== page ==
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Capybara Ninja

Just read an interesting blog post about a person who got to meet a “wild” capybara in Venezuela. Here is the link. There are some excellent photos and a cute video. The capy is just a baby, I’d say 2 – 3 months old and maybe 20 lbs. Y’all should go check it out.

Video Review of Wild Venezuela: The Capybara

Video Review

Wild Venezuela: The Capybara case image

Melly is always looking for more information about capybaras, and who can blame her? The real question is, why isn’t there more available? Some things are just too difficult to understand. At any rate, she did find this video, Wild Venezuela: The Capybara on amazon.com and was too excited not to buy it.

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More Sad News From Venezuela

Seems that this year there was a bumper “crop” of capybaras killed for consumption during the Catholic Lent, the 40 days leading up to Easter. Link to article in Spanish.

Of course I hate the idea of anyone deliberately harming one of my relatives. It is actually hard to imagine since my owner loves me so much and I have so many adoring fans from all of the world. How could anyone do this to us? And worse is that this is not being done in a “sustainable” way. Larger human populations mean smaller habitats for wild animals and more demand for us as food and leather. Venezuela is squandering its natural heritage and that makes me so sad I can hardly eep.

Thank you to Yole from Venezuela for sending me this link, proof that many Venezuelans really do care about capybaras.

What I Am Not: A Fish

Me swimming like a fish

Of all the things I have been confused with, a fish must be the craziest. I am bringing this up now because it is almost Easter. This is a very bad time for wild capybaras and it is all because of us being confused with fish. Before we get into why, let me just go over some of our similarities and differences.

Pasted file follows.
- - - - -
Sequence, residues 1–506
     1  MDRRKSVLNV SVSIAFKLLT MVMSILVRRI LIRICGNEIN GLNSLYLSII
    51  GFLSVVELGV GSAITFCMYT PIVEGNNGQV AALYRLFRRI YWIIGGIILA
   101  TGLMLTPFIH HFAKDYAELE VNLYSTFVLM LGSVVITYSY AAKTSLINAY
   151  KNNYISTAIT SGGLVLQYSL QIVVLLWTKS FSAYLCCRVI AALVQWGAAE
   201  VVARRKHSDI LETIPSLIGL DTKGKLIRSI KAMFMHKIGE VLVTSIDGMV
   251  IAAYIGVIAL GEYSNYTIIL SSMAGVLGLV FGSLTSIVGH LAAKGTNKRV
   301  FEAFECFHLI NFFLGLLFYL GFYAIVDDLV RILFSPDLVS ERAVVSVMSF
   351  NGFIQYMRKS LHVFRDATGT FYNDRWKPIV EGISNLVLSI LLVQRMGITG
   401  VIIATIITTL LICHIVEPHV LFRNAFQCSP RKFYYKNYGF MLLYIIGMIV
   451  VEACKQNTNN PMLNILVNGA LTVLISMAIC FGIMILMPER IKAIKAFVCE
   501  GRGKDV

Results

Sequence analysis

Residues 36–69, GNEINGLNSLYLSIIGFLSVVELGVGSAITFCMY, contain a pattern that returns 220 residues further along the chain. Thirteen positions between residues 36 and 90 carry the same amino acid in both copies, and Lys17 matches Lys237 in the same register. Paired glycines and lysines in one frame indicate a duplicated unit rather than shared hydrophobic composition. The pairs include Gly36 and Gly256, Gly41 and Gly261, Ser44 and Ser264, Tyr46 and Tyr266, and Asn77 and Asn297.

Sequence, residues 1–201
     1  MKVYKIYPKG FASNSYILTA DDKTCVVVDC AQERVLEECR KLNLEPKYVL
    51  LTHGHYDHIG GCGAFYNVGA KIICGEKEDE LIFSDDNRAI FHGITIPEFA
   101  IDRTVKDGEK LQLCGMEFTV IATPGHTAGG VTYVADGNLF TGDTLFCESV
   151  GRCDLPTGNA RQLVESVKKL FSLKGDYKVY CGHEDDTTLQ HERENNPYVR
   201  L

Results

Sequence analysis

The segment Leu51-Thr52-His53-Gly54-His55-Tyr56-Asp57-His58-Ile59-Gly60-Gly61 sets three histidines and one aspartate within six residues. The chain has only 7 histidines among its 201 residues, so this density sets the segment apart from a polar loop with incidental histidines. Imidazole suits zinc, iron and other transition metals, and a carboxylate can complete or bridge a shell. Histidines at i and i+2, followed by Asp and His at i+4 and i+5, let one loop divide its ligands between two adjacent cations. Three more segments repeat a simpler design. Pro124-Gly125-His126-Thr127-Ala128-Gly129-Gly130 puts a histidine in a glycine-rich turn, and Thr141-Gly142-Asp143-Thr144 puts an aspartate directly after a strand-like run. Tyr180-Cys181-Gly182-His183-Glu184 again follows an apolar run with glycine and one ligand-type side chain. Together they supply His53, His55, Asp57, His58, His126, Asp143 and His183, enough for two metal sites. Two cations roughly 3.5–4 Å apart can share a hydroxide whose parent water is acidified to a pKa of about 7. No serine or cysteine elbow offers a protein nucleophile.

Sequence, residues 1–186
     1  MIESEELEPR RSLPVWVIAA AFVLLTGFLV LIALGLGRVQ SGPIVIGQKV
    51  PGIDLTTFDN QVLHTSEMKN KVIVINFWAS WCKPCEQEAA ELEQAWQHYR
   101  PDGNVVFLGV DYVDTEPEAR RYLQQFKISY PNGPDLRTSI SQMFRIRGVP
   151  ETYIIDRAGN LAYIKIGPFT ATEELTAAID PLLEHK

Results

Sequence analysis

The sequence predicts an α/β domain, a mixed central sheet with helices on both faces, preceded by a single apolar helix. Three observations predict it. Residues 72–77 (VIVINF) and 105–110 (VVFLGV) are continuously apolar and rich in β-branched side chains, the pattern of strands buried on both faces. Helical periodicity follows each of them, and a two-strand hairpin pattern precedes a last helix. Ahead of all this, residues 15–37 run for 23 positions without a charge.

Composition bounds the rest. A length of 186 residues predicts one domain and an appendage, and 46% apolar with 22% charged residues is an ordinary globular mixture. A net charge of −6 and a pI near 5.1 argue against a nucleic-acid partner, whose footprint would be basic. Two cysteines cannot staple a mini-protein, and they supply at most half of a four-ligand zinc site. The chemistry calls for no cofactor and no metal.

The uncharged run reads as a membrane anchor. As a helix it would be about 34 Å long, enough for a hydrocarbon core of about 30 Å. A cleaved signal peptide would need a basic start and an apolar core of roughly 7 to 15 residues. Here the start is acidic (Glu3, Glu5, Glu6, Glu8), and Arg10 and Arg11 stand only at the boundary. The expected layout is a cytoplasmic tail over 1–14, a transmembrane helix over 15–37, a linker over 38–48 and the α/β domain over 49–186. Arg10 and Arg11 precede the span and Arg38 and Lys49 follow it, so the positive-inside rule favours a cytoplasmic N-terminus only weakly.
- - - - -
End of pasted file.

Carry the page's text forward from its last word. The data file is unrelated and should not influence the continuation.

Some ways we are different:

  • Fish have scales, capybaras have fur
  • Fish breath with gills, capybaras have beautiful noses
  • Fish breath water, capybaras breath air
  • Fish have fins, capybaras have legs
  • Fish are exothermic (cold-blooded), capybaras are endothermic (warm-blooded)
  • Fish don’t have eyelids, capybaras have eyelids with beautiful lashes
  • Fish come in all kinds of crazy colors, capybaras, like almost all mammals, are a shade of brown
  • Fish don’t have ears, capybaras have very cute ears that we wiggle when happy

Some ways we are similar:

  • Fish and capybaras both swim underwater
  • Fish and capybaras are both vertebrates (have backbones)
  • Some fish and all capybaras have teeth

To be honest, there aren’t many similarities and I really skimped on the differences. To me, it is virtually impossible to confuse a capybara with a fish, but it has been done.

In fact, the confusion started in the 16th century when a group of monks convinced the “infallible” pope, that capybaras were fish just so their new converts could eat us during lent. For those of you who don’t know, there used to be a restriction against eating meat during lent, which is the 40 days leading up to Easter.  Since the converts weren’t going to follow this restriction anyway, the monks thought it would be better if the pope condoned it rather than having all of their new parishioners breaking the faith.

Venezuelans still eat lots of capybaras during lent and this makes me very, very sad.

The Wild Life

Wild capybaras with caiman (photo by Coral Waters)

Wild capybaras with caiman (photo by Coral Waters)

I think humans are romantics. They have dreamy visions of the world. Fantasies based only loosely on reality. I think this because so many people comment that I would be better off in the wild. If I could actually speak human, I would tell them that they would be better off in the wild.

I’m not saying that all capybaras should be pets. In some ways I do envy my wild cousins. I’d like to be free to travel far and wide. To swim the languorous Amazon. To graze grassy meadows stretching as far as the eye can see. To lie with a band of my family and friends under the scant shade of bushes in the heat of the day. It sure sounds great.

But see that photo at the top of this post? That is a young caiman with a couple of adult capys. Caiman are like alligators. That one is too small to hurt those capys and they all know it. But it could catch a baby capybara and eat it. Or it’s larger friends could even threaten those adult capys.

And caiman aren’t the only dangers that lurk in the water.

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